Buckle up everyone! We’re gonna talk about municipal ordinances!
We’ve all heard stories of real laws that seem to defy logic like “no petting horses on Sunday” and such. The survey addicts at MyNavi had asked people about some unusual local laws and what they got were reports of Cupid Committee’s and McMansions.
■ Praise the Children Ordinance (Shibushi, Kagoshima)
Shibushi City (say that three times fast) has set forth an ordinance instructing its citizens to find the best in children and somehow praise it. “A variety of awards such as reading or etiquette for kids have been created because of it” writes one local woman.
It seems like a good idea in theory, but I’m of the school of thought that excessive praising can lead to kids like this guy.
■ McMansion Ordinance (Rokurokuso, Hyogo)
In spite of its hard to pronounce name, Rokurokuso is the hip place to live for many a wealthy celebrity and as a result is full of large and luxurious homes sometimes referred to as McMansions.
The McMansion Ordinance aims to keep the property value up by setting a minimum size limit to the homes that can be built there.
■ Commuting Allowance Regulations (Ninomiya, Kanagawa)
Sure that title sounds more boring than strange but it more the contents that one man found odd. The ordinance lists as “tools for commuting” as “cars, sleds, skis, and/or boats” he explained. It’s nice how the “and/or” leaves the window open for water-skiing to be a legitimate form of commuting.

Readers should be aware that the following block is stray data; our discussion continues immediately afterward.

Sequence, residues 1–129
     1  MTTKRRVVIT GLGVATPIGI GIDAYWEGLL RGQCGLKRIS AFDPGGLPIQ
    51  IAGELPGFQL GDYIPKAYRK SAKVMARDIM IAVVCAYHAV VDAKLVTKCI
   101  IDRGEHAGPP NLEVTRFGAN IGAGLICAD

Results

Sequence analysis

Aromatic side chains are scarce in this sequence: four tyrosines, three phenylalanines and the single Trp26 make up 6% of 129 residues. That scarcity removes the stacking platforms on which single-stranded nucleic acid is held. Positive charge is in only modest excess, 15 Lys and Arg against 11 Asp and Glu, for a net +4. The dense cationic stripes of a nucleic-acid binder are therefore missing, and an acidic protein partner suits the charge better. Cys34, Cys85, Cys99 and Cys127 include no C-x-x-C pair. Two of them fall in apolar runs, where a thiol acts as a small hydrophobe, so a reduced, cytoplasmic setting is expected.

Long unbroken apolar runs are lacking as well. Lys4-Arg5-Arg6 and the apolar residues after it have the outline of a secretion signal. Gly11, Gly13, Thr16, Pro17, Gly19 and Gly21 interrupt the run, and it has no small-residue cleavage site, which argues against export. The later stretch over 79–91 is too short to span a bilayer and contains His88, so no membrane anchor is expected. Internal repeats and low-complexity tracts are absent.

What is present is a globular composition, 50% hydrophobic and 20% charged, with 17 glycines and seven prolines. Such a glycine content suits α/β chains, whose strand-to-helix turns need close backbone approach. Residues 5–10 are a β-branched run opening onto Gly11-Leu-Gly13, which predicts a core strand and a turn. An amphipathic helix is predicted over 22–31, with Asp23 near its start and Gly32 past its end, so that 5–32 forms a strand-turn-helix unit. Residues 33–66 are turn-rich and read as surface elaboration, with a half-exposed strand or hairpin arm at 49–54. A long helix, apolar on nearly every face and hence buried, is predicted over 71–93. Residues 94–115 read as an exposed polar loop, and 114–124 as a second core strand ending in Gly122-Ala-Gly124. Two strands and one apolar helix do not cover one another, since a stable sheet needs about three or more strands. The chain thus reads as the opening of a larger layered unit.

Oddly enough, my old high school gym teacher used to ski to work in the winter, I wonder if he could have received a tax break from it.
■ Heart Meal Ordinance (Takanezawa, Tochigi)
The submitter of this strangely titled law leaves us hanging with what it actually entails. However, he speculates, “It says something like ‘cook sincerely and eat with love?’ I don’t know. I’m just going by the name.”
If that’s the case then I’m covered. I cook and eat exactly like I make love: fast, messy and with a chance of nausea or choking.
■ Cupid Ordinance (Kise, Mie)
In an effort to promote marriage in the area, the town of Kise set up the Cupid ordinance. In what must be a collection of the nosiest people in town, the Cupid Committee has been established to pester single people into the most sacred of institutions.
As an added incentive, MyNavi uncovered that successful marriages result in a 200,000 yen reward for the hardworking cupid.
■ Everyone’s Friends in Snow Ordinance (Kutchan, Hokkaido)
The 29-year-old resident who wrote in about this law was mostly bothered by the inappropriately saccharine name of it. The law simply requires all members of the community to help each other dig out of snow storms.
Anyone who’s ever had to shovel through a large dumping of snow would relate more to the name “Hey You With the Snow Blower! Help Me Out Would Ya? Ordinance.”
■ Outdoor Advertising Ordinance (Yokosuka, Kanagawa)
This soberly titled ordinance is an effort to reduce the posting of advertisements in public places. Most people can surely get behind this initiative, but one Kanagawa resident found a strange clause that read: “Posting of flyers on statues of Buddha is prohibited!”
It’s about time. I’m tired of seeing pizza flyers stuck to the face of Buddha everywhere I go.
I can kind of sympathize with the people who make these ordinances. It must be difficult to be a city official in a small town where nothing much happens, so you have to find some creative ways to make yourself useful.